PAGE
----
Balzac, a Most Extraordinary Dog

We all get attached to our pets. My current dog a once wild dingo cross I wouldn’t give away for the world.

In 2004 Balzac my blue heeler died. He was an extraordinary dog. People rang up crying when they got the news. I recently had reason to find the email that I sent to friends and family back then. And even though it is self indulgent I decided to post it here. After all, it is my blog.

Have a Pleasant Sunday Afternoon

Everybody has a best mate. I guess over the last thirteen and a bit years mine has been Balzac.

From a pup on my spray deck paddling through the gravel rapids in the Yarra to swimming through them himself. Continually charging the back fence in Mount Waverley until it fell over, to get in the park and visit the neighbours. Then repeating it with three metres of chain attached to his collar after breaking the weakest link.

Balzac

He’s been brought home in a police divvy van after getting caught in peak hour traffic, flattening himself against the road as two vehicles drove over him, the third, a Police divvy van pulling up in time.

He’s jumped out of the car window while doing 30-40 km/hr because he saw something interesting on the other side. Once, with the windows wound up and wanting to get out he charged the rear window of the station wagon exploding it outwards before calmly jumping out. Going for a drive was his favourite thing. Especially in the troopie where he can lie on a trunk behind my head and have a great view of the road ahead. He can never get enough.

With my mates he has something that I call the wow factor.

“Wow, can he fart” was usually the comment.

After a weekend of us blokes exercising in the mountains, living off wholegrain and other healthy products, perhaps with Steve throwing in a bit of buckwheat, add on exercise and we could fart. On arriving home Balzac could put us all to shame just from being excited to see us. This impressed everyone so much that a yellow Mambo musical farting dog sticker was put on my car.

He’s dragged some of my nephews and nieces behind him in a box with a chain pulled through it and attached to his collar – but forced to stop after several roll-overs on bends. He’s disturbed four thieves I know of. One time in Alphington he leaped from his couch on to the crook, and in Echuca I walked out to see him hanging a foot off the ground, his mouth around an ankle belonging to a lad who in turn was hanging off a high corrugated iron fence.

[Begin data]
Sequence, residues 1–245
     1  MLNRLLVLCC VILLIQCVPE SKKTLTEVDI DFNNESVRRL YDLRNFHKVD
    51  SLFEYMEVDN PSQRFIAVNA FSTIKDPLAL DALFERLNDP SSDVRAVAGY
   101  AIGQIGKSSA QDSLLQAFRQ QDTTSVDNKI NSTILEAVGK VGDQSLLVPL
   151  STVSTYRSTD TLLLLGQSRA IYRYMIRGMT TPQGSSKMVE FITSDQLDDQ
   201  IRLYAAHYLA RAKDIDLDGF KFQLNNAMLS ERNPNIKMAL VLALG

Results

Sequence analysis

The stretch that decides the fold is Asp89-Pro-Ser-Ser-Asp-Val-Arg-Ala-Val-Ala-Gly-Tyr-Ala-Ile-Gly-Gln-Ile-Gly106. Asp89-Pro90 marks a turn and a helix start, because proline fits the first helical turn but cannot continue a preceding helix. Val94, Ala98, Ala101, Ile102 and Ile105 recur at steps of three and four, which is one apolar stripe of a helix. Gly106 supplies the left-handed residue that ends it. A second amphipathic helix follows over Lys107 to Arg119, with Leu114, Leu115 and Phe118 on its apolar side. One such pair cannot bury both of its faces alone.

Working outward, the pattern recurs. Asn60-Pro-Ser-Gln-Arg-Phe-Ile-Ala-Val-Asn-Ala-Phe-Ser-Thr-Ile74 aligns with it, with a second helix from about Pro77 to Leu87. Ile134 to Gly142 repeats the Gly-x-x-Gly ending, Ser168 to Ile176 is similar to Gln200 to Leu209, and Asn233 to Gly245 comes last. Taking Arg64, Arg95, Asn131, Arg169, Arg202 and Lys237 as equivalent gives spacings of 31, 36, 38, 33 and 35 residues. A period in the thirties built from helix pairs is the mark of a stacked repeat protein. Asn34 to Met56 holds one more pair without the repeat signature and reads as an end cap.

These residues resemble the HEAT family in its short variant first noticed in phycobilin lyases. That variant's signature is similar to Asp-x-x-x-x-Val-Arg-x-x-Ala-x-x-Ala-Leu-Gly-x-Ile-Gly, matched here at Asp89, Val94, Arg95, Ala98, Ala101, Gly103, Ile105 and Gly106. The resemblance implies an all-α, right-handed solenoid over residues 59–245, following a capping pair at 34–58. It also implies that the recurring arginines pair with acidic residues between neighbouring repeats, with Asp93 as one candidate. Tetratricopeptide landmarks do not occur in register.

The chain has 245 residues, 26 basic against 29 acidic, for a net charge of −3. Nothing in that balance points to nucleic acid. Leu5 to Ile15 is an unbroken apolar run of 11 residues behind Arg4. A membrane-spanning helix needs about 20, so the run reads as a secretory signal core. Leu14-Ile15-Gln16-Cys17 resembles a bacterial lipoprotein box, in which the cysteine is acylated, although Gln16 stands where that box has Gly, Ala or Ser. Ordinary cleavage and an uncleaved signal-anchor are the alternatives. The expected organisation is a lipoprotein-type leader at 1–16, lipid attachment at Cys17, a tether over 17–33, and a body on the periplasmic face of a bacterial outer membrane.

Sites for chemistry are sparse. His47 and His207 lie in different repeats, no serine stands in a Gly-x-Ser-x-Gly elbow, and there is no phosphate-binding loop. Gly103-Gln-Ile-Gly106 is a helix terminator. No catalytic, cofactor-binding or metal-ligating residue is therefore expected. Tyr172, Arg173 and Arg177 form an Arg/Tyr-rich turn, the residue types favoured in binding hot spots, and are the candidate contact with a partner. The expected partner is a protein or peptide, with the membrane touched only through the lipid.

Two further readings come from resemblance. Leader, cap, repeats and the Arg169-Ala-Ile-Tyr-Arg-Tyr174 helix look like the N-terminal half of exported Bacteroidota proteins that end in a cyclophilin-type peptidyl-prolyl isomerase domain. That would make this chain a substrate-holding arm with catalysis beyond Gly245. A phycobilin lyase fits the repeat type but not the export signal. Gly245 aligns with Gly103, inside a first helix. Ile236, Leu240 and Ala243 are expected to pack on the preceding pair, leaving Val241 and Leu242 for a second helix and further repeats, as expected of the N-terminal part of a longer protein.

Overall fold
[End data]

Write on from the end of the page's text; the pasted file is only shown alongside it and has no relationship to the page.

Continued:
To try and tame him and stop him from thinking himself top dog, I took him to Mal’s parents farm to have a tough farm dog sort him out. Poor Tex had to slink around the fences of his own farm. Mal wet himself when I threw the frisbee, Balzac spun around, accelerated to full pace all the while watching the frisbee – and ran into the fence. He still has that pink spot on his nose where the skin was ripped off.

He enjoyed showing off his skill with cattle.

Imagine a strike in a ten pin bowling lane.

He has learnt not to play with geese and the fun you can have charging oncoming rams with a metal muzzle on. His best mate ever was a magpie called Henry and they went everywhere and did everything together.

Balzac and pelican

As a young dog he enjoyed swimming with me. Swimming around me in circles until I grabbed his tail and he pulled me in. At the age of nine he swam half way across the Murray to do the same thing when he noticed I wasn’t swimming so good after popping my shoulder. Going to the beach there was no better fun than running for miles snapping at oncoming waves until you swallow so much seawater you throw up in front of swimmers. He has jumped in an out of planes and jumping platforms with me as I practised skydiving.

He has bitten my ankle until I have responded to him and he has shown me a smoke filled room and then willingly followed me in as I went to find out why. He never trusts me out of his sight. I still remember proving that to my sister in law when I hid from him and he ran up and down searching for me. He would charge my solid back door until the 60 year old metal latch bent and the door popped so he could get in.

He never just accepted a pat. He gave as good as he got. usually with his tongue.